7 Myths of Colon Cancer You Should Be Aware Of

Since March is National Colorectal Cancer Awareness Month, it’s time to debunk some of the myths surrounding colon cancer. When is the last time you discussed your poop with a friend, family member, or doctor? For most people, the answer is never. Because it is such a taboo subject, there are plenty of untruths going around about the risks and causes of colon cancer and what is considered a “healthy” poop.

  1. Healthy people poop at least once every day, and if you don’t, it can lead to cancer.Every person’s pooping habits are different, but as long as you poop more than three times a week, it is considered normal. You should poop one ounce for every 12 pounds of body weight so if you weigh around 180 pounds, you produce approximately a pound of poop per day.
  2. Holding your poop in and delaying going to the bathroom is bad. While holding it in for extended periods is not harmful (although it might be uncomfortable), it can lead to constipation if done regularly.
  3. A “healthy” poop won’t make a splash in the toilet. In reality, there is no specific sound your poop should make so don’t be concerned if it changes from one day to another. Rather, look out for blood in stool in which case call your doctor.
  4. Colon cancer is an old man’s disease. The truth is that colon cancer affects men and women equally and occurs in every race; however, African-Americans are higher risk. It has also been increasing in young adults.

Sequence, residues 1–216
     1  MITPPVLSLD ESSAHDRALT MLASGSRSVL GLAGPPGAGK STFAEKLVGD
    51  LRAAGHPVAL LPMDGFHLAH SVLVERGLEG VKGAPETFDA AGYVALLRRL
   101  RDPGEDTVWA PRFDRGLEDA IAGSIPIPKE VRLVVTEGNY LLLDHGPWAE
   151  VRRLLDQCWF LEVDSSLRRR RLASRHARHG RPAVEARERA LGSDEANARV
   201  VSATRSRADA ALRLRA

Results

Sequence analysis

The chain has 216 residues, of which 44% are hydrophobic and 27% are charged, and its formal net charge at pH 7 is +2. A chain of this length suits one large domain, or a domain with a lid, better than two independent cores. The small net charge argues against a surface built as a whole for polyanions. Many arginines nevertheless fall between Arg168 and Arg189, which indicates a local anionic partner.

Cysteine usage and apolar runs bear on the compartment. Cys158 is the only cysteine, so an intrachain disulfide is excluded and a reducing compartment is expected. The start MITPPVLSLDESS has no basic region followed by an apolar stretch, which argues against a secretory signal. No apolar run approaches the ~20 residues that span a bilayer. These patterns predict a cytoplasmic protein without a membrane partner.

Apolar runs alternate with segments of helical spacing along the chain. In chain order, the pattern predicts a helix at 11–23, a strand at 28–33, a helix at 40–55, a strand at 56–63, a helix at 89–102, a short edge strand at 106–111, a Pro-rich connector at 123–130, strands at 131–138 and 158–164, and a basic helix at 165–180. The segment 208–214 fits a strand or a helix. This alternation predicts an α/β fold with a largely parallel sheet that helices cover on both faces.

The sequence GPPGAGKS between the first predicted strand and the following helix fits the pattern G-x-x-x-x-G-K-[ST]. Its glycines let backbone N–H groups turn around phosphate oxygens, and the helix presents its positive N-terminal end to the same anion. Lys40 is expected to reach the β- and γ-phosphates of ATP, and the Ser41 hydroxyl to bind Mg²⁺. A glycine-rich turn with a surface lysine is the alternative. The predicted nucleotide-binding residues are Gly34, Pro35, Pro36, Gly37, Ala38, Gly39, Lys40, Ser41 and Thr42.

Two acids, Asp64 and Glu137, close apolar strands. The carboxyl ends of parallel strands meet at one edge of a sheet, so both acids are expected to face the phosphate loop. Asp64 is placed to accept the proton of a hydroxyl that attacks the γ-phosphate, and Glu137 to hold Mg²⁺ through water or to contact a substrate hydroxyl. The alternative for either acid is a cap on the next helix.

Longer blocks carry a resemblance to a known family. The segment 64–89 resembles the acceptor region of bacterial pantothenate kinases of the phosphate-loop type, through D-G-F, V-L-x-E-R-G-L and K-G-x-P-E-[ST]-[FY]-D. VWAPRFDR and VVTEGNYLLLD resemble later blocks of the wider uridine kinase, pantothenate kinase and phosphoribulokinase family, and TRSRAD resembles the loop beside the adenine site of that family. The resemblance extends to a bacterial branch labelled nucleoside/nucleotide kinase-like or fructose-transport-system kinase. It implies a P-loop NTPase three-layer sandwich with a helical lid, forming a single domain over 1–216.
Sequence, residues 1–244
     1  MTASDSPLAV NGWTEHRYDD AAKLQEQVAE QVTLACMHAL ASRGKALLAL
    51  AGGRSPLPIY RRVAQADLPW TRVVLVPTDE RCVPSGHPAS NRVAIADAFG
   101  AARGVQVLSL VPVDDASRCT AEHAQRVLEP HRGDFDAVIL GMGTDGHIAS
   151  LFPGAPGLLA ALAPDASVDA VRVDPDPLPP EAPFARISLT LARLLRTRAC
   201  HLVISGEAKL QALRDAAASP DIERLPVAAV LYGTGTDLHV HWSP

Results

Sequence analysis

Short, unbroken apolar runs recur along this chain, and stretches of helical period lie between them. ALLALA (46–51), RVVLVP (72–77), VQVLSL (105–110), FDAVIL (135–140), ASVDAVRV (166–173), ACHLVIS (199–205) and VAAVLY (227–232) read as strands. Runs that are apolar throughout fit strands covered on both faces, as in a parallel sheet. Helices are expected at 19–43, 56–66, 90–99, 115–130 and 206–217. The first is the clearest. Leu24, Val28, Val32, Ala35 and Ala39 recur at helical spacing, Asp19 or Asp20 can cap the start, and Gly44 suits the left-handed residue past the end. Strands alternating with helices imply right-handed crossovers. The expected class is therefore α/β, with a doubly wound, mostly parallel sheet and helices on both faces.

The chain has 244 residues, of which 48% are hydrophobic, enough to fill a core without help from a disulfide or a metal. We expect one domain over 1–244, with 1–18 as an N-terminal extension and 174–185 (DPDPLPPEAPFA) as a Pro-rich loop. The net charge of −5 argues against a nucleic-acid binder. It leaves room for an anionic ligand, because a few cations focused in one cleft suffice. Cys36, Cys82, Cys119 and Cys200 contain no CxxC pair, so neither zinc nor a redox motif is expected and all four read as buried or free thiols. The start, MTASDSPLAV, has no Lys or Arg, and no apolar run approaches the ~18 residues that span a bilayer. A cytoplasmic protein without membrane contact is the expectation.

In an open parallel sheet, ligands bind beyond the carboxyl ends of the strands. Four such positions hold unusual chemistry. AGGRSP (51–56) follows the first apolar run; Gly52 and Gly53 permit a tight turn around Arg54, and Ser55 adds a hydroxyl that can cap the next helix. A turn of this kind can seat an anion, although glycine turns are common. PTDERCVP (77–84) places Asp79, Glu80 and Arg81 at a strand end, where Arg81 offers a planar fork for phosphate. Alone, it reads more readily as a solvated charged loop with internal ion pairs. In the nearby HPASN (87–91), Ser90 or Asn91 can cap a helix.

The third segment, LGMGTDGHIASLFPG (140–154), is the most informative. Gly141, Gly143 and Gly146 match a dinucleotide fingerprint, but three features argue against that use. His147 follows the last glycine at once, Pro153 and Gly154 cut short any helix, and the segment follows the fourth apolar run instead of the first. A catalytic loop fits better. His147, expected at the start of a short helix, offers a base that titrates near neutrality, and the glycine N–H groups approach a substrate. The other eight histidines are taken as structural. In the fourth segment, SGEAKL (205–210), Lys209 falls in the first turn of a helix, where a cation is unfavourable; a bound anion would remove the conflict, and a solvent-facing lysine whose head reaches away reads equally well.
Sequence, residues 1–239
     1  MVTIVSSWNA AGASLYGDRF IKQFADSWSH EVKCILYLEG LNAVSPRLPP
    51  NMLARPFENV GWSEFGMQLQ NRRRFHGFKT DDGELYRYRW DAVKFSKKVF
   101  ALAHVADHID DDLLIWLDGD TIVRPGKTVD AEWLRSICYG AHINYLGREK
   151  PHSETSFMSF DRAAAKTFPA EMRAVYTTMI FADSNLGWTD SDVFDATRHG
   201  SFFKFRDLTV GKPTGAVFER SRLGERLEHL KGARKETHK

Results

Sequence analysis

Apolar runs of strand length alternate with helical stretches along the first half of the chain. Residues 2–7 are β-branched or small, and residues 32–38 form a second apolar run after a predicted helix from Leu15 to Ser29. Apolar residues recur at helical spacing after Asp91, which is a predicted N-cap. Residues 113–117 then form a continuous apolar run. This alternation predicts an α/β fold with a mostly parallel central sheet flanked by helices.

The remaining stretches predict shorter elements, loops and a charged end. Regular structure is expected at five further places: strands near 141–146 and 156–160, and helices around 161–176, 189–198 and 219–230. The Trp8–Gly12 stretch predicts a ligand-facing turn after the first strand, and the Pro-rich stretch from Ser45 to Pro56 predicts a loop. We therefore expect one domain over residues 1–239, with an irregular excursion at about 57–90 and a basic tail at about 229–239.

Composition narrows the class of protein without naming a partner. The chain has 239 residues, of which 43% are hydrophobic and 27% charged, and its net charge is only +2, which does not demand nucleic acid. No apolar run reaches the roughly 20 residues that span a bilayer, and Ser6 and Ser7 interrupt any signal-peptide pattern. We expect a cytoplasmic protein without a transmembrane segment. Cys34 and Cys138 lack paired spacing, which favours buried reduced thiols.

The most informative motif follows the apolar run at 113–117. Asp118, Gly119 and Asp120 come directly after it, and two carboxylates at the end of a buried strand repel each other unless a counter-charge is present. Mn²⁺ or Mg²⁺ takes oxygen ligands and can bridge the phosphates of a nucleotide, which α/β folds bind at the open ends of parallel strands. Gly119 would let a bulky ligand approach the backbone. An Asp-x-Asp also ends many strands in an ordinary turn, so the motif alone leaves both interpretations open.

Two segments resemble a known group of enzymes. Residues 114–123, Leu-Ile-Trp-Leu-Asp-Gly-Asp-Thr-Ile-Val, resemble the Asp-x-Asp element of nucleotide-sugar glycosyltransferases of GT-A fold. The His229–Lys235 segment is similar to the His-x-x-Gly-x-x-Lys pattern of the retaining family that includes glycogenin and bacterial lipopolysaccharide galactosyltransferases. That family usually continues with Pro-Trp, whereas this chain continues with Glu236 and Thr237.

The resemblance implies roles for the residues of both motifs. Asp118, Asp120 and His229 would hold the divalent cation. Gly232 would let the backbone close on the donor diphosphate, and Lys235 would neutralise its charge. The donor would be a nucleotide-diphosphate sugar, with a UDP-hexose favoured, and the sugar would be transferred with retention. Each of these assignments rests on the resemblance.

5. If I don’t have any symptoms, then I can’t have colon cancer. Up to 50% of people who have colon cancer have no symptoms, but, if there are symptoms such as blood in the stool or unexplained weight loss, the cancer may be more advanced.
  6. I don’t need a colonoscopy because colon cancer doesn’t run in my family. More than half of all colon cancers cannot be linked to a genetic cause. It is recommended that everyone aged 50 years and older have a colonoscopy every 10 years regardless of risk factors; however, if you are younger and at a higher risk, your Gastroenterologist may want you to be tested earlier than age 50.
  7. Getting a diagnosis of colon cancer means that I’m going to die. When detected early, colon cancer can be successfully treated with 92% of patients who have stage I cancer living past the five-year mark. This makes screening crucial for all adults who are at risk.

Knowing the facts about colon cancer and getting a colonoscopy when recommended can save your life. When talking to your physician about screening, consider asking the following questions:

  • Which screening test do you recommend?
  • What preparations are involved with this test?
  • What is the test like? Will it be painful?
  • What are the risks?
  • How long will it take for me to get the results?
  • If the test is negative for cancer, when do I have to have it repeated?
  • What happens if the test shows that I do have colon cancer?

Being involved in your care will help you to feel in control of your health and your body. The Gastroenterologists at Digestive Health Associates of Texas are experts in the detection, diagnosis, and treatment of colorectal cancer. They strive to help you make sense of the tests and the results and work closely with you and your family to develop a plan that most closely meets your needs. Discuss all of your concerns about having a colonoscopy, but don’t delay getting screened for colon cancer, especially if you have symptoms that you are worried about. Save your life, get tested!